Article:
The Faeries Oracle by Brian Froud and Jessica Macbeth (originally published in Oct. 2000). 66 cards + 208-page book.
I’m not as much of a cards person as others when it comes to divination – I’ve never felt an affinity for tarot (aside from liking the artwork on some decks, but I would not buy myself a deck just for the artwork – that’s just me though, others’ mileage may vary). I’m more of a dice, rune bones/stones, and sticks/stalks kind of gal, and recently I have been learning shagai. I learned how to do a style of divination using playing cards from Mongolia, but it’s pretty involved, so I don’t do it often. However, I have managed to find two decks with which I can truly connect: the Druid Plant Oracle (which I will be reviewing in an upcoming blog) and the Faeries Oracle.
Like a lot of folks my age (30s), my introduction to the Frouds came from watching Labyrinth, The Dark Crystal, and the conceptual designs he created for the Henson series The Storyteller. I’ve always loved how the Frouds’ (both Brian and Wendy) portrayal of the denizens of the spirit world focuses not only on the light and astoundingly beautiful, but on the earthy, the dark, the neutral. In keeping with this, nothing is entirely as it seems in the Faeries Oracle – if you’re looking for neat definitions, consistent interpretations, and defined boundaries, you will not find them here. This is a very intuitive deck, and you are encouraged to truly make it your own.
Jessica Macbeth’s accompanying book advises: “Don’t read someone else’s definitions of the cards until you already have some idea of what they mean to you.” (p. 15) My advice to anyone considering buying this set for the first time would be to invest in a notebook and plenty of pens, pencils, crayons, markers, and paints – part of the fun of connecting with this deck is spending time with each card, developing your own meanings, associations, and allowing your spirits to communicate with you. As a part of this, a blank card is included for you to use as a template for your “Faery Guide” card, so you can truly personalise your deck. On pages 18-21 Macbeth provides a series of seven starter questions which serve as a primer for intuitive readings by asking you to choose from amongst the cards the one which appeals to you the most, and the one which appeals to you the least. It’s not a bad idea to use each of these seven questions as a baseline for recording your feelings and interpretations of each card (this is where the doodling supplies come in handy – if you’re like me, some things can’t always be expressed in words). The more you use and interact with the Faeries Oracle, the deeper and more varied the associations become. This is a deck that you can grow with – I’ve been using the Faeries Oracle for 13 years (the deck pictured above is 2.0 – my original deck was given to a friend who lost theirs in a fire), and while some associations have been elaborated on, others have definitely changed.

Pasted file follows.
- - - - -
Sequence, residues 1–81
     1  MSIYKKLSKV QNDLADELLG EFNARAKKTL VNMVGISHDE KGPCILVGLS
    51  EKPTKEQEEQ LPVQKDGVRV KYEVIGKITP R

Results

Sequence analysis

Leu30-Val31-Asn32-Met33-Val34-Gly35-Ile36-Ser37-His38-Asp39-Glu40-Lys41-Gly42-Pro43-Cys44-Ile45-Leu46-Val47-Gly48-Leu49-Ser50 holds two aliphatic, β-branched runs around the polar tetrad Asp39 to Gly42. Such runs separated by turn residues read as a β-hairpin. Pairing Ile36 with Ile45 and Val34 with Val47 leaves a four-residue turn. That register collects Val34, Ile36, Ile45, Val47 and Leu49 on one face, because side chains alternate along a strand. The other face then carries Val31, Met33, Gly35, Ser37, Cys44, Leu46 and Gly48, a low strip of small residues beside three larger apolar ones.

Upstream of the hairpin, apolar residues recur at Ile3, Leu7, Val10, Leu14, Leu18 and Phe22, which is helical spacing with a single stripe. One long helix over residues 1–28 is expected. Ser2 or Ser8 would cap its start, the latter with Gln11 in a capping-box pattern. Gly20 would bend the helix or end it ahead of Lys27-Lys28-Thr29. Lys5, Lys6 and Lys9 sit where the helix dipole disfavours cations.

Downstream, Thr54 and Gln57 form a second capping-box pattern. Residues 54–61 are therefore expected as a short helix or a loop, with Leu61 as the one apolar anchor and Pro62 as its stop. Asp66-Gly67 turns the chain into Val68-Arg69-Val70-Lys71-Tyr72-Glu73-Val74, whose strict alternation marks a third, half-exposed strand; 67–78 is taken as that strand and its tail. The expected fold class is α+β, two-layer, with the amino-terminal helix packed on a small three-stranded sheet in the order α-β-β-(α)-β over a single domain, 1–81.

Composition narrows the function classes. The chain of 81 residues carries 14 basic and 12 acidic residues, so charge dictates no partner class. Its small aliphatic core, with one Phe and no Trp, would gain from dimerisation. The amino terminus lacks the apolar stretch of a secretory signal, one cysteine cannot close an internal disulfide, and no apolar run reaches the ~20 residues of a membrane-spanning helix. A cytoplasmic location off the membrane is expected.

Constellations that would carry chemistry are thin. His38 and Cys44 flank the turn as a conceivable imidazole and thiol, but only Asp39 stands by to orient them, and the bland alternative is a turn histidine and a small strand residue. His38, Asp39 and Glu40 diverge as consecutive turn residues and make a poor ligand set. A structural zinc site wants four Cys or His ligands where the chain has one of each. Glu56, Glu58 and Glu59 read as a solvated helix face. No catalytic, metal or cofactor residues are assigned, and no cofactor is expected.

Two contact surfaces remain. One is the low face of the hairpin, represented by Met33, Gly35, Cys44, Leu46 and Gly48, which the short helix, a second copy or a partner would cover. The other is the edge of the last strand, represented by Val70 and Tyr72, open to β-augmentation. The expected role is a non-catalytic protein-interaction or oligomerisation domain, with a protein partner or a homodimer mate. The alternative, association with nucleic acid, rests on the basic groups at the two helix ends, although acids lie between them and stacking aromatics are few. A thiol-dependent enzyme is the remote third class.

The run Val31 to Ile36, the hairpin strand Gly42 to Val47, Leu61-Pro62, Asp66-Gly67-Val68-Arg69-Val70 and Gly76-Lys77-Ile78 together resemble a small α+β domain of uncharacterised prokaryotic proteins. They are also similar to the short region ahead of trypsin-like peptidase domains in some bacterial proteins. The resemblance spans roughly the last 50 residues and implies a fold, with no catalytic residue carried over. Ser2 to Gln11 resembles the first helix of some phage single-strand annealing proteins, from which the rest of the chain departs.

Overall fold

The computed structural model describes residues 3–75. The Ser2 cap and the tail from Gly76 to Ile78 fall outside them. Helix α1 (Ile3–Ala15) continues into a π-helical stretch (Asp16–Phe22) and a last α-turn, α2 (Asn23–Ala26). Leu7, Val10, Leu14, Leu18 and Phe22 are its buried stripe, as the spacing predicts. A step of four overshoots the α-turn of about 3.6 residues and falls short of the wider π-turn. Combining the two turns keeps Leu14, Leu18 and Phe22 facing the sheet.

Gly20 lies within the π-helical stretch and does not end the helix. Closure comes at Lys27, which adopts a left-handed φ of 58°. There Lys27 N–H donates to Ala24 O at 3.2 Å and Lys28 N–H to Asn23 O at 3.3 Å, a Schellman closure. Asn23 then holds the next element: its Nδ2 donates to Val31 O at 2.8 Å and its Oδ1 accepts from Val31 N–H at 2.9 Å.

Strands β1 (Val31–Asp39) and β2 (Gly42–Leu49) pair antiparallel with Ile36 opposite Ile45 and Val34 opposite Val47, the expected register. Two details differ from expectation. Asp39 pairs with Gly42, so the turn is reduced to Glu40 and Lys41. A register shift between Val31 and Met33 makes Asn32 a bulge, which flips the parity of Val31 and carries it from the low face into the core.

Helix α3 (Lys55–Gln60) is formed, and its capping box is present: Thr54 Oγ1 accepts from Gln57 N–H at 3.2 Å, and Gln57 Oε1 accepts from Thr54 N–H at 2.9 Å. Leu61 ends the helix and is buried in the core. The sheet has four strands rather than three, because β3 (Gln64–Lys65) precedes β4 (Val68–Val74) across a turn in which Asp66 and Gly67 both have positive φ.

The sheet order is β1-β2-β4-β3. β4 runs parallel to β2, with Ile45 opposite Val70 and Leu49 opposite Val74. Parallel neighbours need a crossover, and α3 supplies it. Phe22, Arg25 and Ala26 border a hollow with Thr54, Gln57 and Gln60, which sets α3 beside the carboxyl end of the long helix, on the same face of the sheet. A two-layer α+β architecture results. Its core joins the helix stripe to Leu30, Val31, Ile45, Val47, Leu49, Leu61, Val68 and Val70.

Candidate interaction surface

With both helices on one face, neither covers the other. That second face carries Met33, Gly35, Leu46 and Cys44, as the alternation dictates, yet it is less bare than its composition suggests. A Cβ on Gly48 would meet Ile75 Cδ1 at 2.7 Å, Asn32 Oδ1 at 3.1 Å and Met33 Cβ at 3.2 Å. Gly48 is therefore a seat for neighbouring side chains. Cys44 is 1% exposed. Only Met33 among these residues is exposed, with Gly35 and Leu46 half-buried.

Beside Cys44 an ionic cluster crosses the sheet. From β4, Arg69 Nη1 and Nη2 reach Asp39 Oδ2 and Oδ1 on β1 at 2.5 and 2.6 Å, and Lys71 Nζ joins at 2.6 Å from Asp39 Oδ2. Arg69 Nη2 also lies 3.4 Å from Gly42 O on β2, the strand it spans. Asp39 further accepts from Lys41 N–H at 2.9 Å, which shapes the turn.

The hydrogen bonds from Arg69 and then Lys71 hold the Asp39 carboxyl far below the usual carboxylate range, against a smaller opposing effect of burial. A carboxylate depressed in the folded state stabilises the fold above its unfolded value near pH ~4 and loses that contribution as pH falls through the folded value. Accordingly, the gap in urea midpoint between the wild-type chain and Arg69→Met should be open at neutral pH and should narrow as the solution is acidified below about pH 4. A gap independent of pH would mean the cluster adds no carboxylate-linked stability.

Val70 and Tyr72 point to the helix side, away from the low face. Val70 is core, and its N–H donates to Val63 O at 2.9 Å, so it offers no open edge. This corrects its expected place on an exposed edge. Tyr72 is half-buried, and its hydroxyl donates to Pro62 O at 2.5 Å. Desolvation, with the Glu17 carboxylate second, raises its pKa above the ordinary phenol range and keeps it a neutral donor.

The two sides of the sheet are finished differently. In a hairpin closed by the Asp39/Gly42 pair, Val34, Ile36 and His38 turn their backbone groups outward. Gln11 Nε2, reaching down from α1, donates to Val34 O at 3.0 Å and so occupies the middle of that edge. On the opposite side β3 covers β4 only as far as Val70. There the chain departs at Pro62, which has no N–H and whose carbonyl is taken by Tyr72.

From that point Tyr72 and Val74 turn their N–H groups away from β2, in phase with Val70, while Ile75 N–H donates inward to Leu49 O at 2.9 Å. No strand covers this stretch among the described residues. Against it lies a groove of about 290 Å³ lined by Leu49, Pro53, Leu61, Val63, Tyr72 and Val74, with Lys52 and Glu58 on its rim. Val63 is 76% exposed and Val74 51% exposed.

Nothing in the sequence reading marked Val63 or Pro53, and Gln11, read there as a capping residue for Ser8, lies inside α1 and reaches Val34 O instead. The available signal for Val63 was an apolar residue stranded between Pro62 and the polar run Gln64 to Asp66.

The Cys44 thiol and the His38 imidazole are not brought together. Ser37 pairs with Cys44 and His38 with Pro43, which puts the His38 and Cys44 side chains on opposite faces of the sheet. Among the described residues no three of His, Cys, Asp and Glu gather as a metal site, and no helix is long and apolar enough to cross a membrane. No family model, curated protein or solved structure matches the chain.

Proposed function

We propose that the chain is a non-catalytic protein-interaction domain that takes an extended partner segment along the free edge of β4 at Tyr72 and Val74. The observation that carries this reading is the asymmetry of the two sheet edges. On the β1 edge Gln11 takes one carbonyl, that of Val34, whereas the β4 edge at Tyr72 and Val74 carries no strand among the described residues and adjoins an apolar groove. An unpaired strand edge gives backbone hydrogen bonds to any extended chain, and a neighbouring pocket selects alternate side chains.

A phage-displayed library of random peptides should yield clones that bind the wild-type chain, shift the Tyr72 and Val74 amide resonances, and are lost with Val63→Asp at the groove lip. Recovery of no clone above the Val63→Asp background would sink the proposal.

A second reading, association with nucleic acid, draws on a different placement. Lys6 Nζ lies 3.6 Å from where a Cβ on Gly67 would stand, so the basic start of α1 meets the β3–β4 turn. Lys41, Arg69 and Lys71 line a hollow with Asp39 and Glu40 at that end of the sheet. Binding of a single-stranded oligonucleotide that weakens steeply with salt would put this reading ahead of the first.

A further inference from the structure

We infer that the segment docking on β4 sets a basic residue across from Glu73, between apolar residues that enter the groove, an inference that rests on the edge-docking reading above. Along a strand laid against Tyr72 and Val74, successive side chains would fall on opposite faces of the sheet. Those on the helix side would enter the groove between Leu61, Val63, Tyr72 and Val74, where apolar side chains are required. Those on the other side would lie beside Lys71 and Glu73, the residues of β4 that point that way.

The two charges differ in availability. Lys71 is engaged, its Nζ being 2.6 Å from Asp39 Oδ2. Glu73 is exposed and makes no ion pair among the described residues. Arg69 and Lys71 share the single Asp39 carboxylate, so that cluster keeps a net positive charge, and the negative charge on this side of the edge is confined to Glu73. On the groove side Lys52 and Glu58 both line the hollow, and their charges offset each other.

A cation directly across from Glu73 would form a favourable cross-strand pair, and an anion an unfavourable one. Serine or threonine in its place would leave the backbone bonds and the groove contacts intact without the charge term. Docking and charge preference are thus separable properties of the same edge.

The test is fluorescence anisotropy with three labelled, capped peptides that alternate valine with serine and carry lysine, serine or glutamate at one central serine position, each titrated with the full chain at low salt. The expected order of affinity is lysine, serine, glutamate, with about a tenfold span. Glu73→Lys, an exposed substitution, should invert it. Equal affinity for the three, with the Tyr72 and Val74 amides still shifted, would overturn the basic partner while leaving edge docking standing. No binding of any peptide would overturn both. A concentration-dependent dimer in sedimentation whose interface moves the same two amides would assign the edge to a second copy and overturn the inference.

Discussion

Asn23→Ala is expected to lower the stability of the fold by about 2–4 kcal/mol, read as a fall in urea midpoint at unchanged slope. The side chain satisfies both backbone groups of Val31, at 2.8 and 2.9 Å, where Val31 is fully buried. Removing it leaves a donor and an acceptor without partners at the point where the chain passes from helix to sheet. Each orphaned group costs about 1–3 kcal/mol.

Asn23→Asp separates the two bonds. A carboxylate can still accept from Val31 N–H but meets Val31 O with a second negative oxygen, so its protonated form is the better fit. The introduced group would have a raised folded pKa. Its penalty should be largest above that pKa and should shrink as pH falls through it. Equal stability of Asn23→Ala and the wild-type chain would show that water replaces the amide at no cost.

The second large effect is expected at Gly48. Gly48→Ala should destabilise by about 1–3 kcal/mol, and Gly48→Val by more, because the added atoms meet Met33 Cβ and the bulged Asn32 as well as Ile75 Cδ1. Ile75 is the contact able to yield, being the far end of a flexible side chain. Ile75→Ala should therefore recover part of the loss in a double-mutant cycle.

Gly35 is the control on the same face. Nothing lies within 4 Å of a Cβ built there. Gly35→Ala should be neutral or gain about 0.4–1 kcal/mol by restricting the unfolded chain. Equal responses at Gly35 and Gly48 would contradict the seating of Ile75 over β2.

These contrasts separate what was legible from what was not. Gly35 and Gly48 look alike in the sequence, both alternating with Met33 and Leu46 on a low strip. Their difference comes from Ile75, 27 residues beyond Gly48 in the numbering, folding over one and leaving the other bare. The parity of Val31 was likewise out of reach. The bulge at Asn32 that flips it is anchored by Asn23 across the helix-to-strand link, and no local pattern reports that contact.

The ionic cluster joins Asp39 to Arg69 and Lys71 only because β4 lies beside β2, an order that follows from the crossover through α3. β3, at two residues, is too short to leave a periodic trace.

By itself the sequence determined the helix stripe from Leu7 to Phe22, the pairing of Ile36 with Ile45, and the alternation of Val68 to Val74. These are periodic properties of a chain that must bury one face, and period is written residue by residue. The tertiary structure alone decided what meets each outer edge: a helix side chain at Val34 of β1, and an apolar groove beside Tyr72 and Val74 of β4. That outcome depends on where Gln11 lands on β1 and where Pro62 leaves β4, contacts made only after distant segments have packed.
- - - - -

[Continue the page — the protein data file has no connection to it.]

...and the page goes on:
Because this deck is centered on Faeries and other denizens of the realms of the Nature Spirits (there is very broad representation in this deck), the settings of each card are reflective of different places in Nature, and these settings are as important to the associations of each card as the central subjects themselves. A good way I have found to develop familiarity with the Faeries Oracle is to group cards by setting, and ponder what the similarities mean to you, and whether you can divine a connection between certain cards based on this. There is a great deal of symbolism waiting to be unlocked – because this set is not based on a single faith tradition, there is no one approach to interpretation which is more correct than another. So, for example, I see Card 17/Himself (middle card in the above picture) as representing Bayan Ahaa/Bayan Hangai, but someone else may see him as the Wiccan Horned God, as Cernunnos, as Freyr, or as Tapio. None of those interpretations are incorrect – it’s all in the eye of the beholder! Which brings me to another excellent use for this deck – as a tool for meditation as well as ritual. For those so inclined, each card (or even specific groups of cards) can be employed to help in meditative visualizations, and/or serve as depictions of deities and spirits important to your faith on an altar. For me, certain cards function as a gateway to trance/ecstatic states.
In addition to giving some advice on doing readings, providing sample spreads, and some “starter reading” interpretations, Macbeth also devotes some time to discussing the importance of meditation, grounding/earthing, centering, and ways of connecting with spirit beings (by whatever name you call them) in Part Three (“Going Deeper”). This can be very beneficial for people to read and practise not only for the purpose of more effectively divining with the oracle, but also for general health and well-being. When one is grounded and centered, one is generally better able to survive the 21st century!
In giving readings to others using this deck I have found that people were generally very excited about the images/imagery – they were able to make their own connections with certain cards or depictions of plants/fungi/environments in the cards which deepened the reading for them. The Faeries Oracle works well for both short and more in-depth readings, however, it’s not really cut out (in my experience anyway) for straight “yes/no” situations.
In short – I love the Faeries Oracle!